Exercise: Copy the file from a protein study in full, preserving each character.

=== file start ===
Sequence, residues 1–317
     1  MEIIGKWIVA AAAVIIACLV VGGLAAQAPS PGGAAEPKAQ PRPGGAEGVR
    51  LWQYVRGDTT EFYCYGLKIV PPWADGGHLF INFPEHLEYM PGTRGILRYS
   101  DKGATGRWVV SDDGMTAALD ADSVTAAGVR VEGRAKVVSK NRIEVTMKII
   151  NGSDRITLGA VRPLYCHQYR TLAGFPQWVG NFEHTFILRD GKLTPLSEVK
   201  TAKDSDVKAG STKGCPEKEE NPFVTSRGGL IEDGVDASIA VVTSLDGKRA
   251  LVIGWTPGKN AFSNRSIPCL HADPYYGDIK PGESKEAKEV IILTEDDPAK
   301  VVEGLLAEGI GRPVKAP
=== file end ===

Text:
Sequence, residues 1–317
     1  MEIIGKWIVA AAAVIIACLV VGGLAAQAPS PGGAAEPKAQ PRPGGAEGVR
    51  LWQYVRGDTT EFYCYGLKIV PPWADGGHLF INFPEHLEYM PGTRGILRYS
   101  DKGATGRWVV SDDGMTAALD ADSVTAAGVR VEGRAKVVSK NRIEVTMKII
   151  NGSDRITLGA VRPLYCHQYR TLAGFPQWVG NFEHTFILRD GKLTPLSEVK
   201  TAKDSDVKAG STKGCPEKEE NPFVTSRGGL IEDGVDASIA VVTSLDGKRA
   251  LVIGWTPGKN AFSNRSIPCL HADPYYGDIK PGESKEAKEV IILTEDDPAK
   301  VVEGLLAEGI GRPVKAP